Three hours before Gerrit Cole’s first pitch to Randy Arozarena at Tropicana Field, manager Kevin Cash made it clear what the Rays would be up against Wednesday night.
“The guy is special. You've got to take advantage of every little thing that's presented when he pitches,” Cash said. “You've got to be like perfect on the other side to give yourself a chance to win.”
In terms of pitching and defense, the Rays couldn’t have asked for a much better game. But they would've had to be perfect to beat Cole on this night. New York’s ace throttled Tampa Bay’s inconsistent offense with an eight-inning, 12-strikeout gem, as the Yankees dealt the Rays a 1-0 defeat.
“You go into the game knowing your hands are full, but saying that, he was probably tonight above and beyond,” Cash said. “He had everything working the way he wanted.”
Wednesday’s game was the ninth time this season that Tampa Bay was held to one run or less and the second time it was shut out. The Rays have fallen back to .500, at 19-19, after losing back-to-back games against the Yankees for the first time since July 16-18, 2019, at Yankee Stadium.
On one hand, the tough offensive performance might provide more cause for concern about a Rays lineup that leads the Majors with 397 strikeouts. In the past five games, they’ve hit just .151. They’ve been held to four or fewer hits in each of their past three games, one game shy of tying the franchise record set from Aug. 11-14, 2017. And they’re hitting just .201 in 19 home games this season, dragging down their overall slash line for the season to .217/.298/.361.
Or perhaps this was just a dominant performance by one of the game’s best pitchers.
“It's just one of those days where Cole had everything going,” Arozarena said through an interpreter. “He pitched a great game. It was pretty obvious for everyone to see.”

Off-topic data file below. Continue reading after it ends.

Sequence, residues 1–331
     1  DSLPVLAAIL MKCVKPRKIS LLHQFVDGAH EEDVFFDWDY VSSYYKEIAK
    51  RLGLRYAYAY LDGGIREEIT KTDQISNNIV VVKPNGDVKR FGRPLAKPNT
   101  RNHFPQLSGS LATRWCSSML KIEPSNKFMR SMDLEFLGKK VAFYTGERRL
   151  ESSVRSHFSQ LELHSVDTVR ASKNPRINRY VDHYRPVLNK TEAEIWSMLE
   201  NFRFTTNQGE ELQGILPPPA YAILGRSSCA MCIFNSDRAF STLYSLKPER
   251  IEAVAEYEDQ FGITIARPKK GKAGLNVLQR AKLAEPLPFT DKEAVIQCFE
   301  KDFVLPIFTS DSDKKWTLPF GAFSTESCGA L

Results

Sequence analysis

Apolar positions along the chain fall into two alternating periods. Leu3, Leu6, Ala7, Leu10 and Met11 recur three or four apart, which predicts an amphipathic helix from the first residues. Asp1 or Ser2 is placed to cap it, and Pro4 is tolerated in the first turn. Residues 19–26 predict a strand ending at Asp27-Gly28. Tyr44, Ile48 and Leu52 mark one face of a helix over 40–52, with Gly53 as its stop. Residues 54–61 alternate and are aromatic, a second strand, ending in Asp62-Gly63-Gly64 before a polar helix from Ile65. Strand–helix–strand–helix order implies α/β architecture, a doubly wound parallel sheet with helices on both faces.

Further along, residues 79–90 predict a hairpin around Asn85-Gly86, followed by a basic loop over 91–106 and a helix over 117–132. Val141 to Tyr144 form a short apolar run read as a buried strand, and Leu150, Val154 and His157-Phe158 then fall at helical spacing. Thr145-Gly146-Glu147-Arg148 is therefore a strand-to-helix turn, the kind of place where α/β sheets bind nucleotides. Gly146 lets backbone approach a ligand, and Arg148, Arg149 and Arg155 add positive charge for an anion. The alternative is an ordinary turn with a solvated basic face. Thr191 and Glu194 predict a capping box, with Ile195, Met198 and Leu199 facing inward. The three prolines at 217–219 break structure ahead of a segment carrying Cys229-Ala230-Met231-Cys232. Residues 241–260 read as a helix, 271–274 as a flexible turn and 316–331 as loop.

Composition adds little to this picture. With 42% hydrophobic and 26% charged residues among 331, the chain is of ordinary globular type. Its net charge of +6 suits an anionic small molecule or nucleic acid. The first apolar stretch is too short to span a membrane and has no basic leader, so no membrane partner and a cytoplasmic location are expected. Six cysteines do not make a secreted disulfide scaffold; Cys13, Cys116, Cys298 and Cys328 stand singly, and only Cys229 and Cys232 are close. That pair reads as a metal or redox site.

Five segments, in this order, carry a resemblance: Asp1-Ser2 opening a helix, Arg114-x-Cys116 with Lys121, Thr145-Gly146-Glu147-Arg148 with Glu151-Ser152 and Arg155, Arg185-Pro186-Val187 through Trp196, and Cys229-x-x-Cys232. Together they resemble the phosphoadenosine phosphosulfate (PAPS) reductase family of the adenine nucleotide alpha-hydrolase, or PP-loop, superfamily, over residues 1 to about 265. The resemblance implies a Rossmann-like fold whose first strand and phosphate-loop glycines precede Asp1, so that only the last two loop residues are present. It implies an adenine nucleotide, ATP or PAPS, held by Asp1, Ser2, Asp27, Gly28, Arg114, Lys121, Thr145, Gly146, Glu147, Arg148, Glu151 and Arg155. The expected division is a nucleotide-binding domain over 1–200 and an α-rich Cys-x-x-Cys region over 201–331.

Cole carried a 1.61 ERA and an absurd 66-to-3 strikeout-to-walk ratio into his eighth start of the season, and he was as advertised against the Rays. He allowed only four hits and didn’t walk a batter, continuing a month-long walk-free stretch, and he seemed to get stronger as the night wore on. Although Cole is 3-0 in four postseason starts against Tampa Bay, he had never beaten the Rays in the regular season until Wednesday.
The Rays nearly matched Cole zero for zero by committee, though. Right-hander Collin McHugh put together another strong performance as Tampa Bay’s opener, striking out two while facing the minimum six batters in two innings. Lefty Ryan Yarbrough’s excellent work pitching after an opener continued, as he struck out four over 3 1/3 innings.
Right-hander Ryan Thompson finished the sixth inning by striking out DJ LeMahieu and Giancarlo Stanton, then returned for another inning, which he’s admitted has been an issue in past outings. Thompson gave up a single to Aaron Judge and an opposite-field double to Gio Urshela to begin the seventh, but he got the ground ball he wanted to retire Luke Voit and keep the runners at second and third.
“Definitely, there could be some pitch-selection changes next time I face those guys,” Thompson said. “But overall, I think I went out there and did what I do, and I got beat today.”
In came left-hander Jeffrey Springs, trying to keep the game scoreless. But Aaron Hicks lofted a fly ball to center field, driving in Judge and finally putting a run on the board. Springs escaped the inning with no further damage, but Cole pressed on by pitching a clean seventh inning and striking out the side on 12 pitches in the eighth.
“Everybody pitched well,” Thompson said. “That's the game. We ended up on the losing side this time. Next time, it'll be different.”
The Rays’ two best chances came in the first and sixth innings. In the first, Austin Meadows doubled on a high fly ball that bounced off the Trop’s B-ring catwalk, then advanced to third on a grounder by Manuel Margot. But Cole dialed in and struck out Brandon Lowe on a high, 97.6 mph fastball to end the inning.
The sixth inning played out in similar fashion. Arozarena smashed a one-out double high off the wall in left field, maybe a foot away from putting the Rays ahead. In the dugout, Thompson hoped it’d clear the fence, but Cash said he didn’t think it looked like “one of Randy's no-doubt homers.”
Arozarena said he knew he didn’t get all of it, and he ran out of the box to get himself into scoring position. He moved to third on Meadows’ grounder to the right side. But Cole again dug deep and blew a high, 99 mph fastball past Margot for his eighth strikeout, and the Rays’ next nine hitters went down in order against Cole and Aroldis Chapman.
“You're facing a guy that's got it going, I mean, the margin of error is like nil. And I can't say that we did really anything wrong,” Cash said. “We just couldn't get anything going offensively. Our pitchers were just outstanding at giving us every opportunity. It was just a pretty well-played game on both teams, and they got us.”